Absalom wanted to be the big boss instead of his father
David had a grown up son. His name was Absalom. Some time after Solomon was born, Absalom reckoned that he had to be the big boss, instead of his father. So he got a special trailer and some horses to pull it, and he sat in that trailer and went around in it. Whenever he went in that trailer, he told 50 men to run along in front of it, so that he looked important. And he used to get up early to go and stand at the town gate. People used to walk through that gate into Jerusalem whenever they went to see the big boss. You see, they used to go and ask David to help them sort out their problems. Absalom used to call out to them, “Hey, where are you from?” That person used to tell him the name of his tribe.
Then Absalom used to lie to them and say, “Listen to me. You are right. That other person did wrong to you. My father is the big boss, but he is too busy to listen to everybody. He doesn’t have working men to sort out all your problems. I should be the judge in this country. I am fair to everybody. I will treat everybody the same way. If somebody comes to me with a problem, I will sort it out for them.” That’s what Absalom used to say to the people.
Sometimes people really did think Absalom was an important man, so they got down on their knees to show respect to him. Then Absalom shook their hands and hugged them, to get them to like him. Absalom used to do that whenever one of the Israel mob came to talk to David, to ask for help. So that’s the way he got the Israel mob to like him. They didn’t like his father David any more.
7-8 Absalom did that for 4 years. Then he said to his father, the big boss, “Old man, while I was living at the place called Geshur in Aram country, I said to God, ‘If you will let me go to Jerusalem first, I will go to Hebron later. I will get down on my knees and show respect to you there.’ God heard me say that. So is it all right for me to go to Hebron now?” But he was lying to his father.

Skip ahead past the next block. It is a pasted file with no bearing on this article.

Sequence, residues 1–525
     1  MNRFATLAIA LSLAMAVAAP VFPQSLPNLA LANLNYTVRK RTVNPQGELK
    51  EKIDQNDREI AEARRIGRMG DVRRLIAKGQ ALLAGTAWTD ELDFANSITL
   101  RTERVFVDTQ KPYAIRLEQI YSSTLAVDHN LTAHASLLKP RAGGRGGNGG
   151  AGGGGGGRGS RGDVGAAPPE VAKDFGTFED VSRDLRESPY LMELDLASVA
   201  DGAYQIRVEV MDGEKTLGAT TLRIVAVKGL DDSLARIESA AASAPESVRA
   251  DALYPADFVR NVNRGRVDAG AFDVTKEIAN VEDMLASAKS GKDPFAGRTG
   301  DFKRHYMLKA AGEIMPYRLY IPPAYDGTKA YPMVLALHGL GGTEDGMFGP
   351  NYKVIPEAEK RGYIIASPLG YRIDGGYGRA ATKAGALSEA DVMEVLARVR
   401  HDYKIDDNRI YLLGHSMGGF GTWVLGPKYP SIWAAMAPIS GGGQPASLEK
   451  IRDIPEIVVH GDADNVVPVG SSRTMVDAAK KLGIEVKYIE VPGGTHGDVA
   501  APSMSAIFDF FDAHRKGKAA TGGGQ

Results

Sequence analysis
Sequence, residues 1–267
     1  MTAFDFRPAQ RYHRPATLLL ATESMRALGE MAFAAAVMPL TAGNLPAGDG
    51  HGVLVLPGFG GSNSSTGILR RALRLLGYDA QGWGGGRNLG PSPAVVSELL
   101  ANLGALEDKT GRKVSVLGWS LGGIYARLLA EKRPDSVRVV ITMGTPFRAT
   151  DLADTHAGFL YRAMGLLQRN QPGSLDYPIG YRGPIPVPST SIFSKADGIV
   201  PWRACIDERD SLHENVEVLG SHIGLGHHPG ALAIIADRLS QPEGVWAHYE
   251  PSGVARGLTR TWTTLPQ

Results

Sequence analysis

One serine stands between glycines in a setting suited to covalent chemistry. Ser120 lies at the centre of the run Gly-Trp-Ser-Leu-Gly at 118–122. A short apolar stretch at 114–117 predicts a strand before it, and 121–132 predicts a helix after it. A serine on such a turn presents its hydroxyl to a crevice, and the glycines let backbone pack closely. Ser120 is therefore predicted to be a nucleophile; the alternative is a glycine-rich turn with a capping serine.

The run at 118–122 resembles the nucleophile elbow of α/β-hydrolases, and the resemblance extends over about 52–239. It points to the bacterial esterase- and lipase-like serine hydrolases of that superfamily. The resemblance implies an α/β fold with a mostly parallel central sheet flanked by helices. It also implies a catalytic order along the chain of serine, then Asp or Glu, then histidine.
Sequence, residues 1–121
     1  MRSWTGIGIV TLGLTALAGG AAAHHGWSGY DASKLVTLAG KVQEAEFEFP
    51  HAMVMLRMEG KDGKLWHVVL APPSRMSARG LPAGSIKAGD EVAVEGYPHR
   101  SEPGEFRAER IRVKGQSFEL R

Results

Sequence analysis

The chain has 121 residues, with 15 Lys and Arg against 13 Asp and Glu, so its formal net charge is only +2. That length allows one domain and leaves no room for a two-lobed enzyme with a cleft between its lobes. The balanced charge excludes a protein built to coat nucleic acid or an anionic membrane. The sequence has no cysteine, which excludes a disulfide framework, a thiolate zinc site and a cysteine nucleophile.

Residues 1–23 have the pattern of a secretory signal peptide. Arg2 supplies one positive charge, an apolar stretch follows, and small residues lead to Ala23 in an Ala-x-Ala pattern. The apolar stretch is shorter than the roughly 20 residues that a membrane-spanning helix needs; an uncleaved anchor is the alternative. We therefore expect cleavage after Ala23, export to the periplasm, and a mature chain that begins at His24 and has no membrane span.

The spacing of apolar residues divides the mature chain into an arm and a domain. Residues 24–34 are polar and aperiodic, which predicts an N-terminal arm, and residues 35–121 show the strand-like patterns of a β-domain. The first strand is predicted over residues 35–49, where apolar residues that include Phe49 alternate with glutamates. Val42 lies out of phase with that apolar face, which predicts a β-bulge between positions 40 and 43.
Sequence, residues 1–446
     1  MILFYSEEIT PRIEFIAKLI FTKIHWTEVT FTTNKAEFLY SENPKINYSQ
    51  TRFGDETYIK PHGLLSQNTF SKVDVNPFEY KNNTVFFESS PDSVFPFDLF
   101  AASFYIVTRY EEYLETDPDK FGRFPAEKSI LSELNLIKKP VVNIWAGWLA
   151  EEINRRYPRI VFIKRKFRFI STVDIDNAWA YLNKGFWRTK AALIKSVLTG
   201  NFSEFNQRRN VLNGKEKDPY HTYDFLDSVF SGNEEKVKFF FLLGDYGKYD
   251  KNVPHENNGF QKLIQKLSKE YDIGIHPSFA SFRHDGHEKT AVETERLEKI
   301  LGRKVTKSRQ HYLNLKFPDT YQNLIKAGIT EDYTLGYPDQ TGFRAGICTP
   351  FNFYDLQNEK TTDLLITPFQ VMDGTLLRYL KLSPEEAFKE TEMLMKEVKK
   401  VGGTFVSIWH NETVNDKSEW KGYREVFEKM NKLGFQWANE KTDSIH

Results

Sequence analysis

David answered, “All right. You can go there.” So Absalom went to Hebron.
10 But he sent messengers to go secretly all around their country, to tell all the Israel mob like this, “As soon as you hear the trumpets play out loud, you mob have to call out, ‘Absalom is our big boss. They have picked him to be the big boss in Hebron.’ ”
11-12 And he told 200 men to go with him to Hebron, to kill animals there and burn them for God. But they didn’t know that Absalom planned to make himself the big boss there. At the same time, he sent a messenger to an old man called Ahithofel, from a place called Giloh, to tell him to come. He was a wise man, and he used to help David.
And so Absalom tricked lots of people and made them turn away from David. More and more people started to follow Absalom.
David ran away
13 After that, a messenger came to David and said, “The Israel mob are following Absalom now, they are not following you.”
14 David got a shock. So he talked to all his workers that were with him in Jerusalem city. He said, “Quick. We have to run away from this city, or they will catch us. If we don’t hurry, Absalom’s mob will attack this city and kill everybody.”
15 The workers said, “Yes, boss. We will do whatever you tell us to do.” 16 So David went away with his mob. He told 10 of his wives to stay behind to look after his house.
(We have not yet translated 15:17-31.)
32 David and his mob, they went to the top of the hill called Olive Trees Hill. People used to show respect to God at that place. A man called Hushai was there to join up with David’s mob. He was from the Arek mob, and he worked for David. You see, he heard about Absalom’s plan to attack Jerusalem, and he was sad for his boss. He even tore his clothes and put dirt on his head, to show he was sad. 33 But David said to him, “Don’t come with me. You might slow me down. 34 I want you to do something different for me. Go back to Jerusalem and say you want to work for my son, Absalom. Lie to him and say, ‘Boss. I want to work for you now. I used to work for your father, but now I want to work only for you.’ If you do that, it will really help me. If that old man Ahithofel tells my son something, you can tell him a different story and confuse him.”
(We have not yet translated 15:35—16:4.)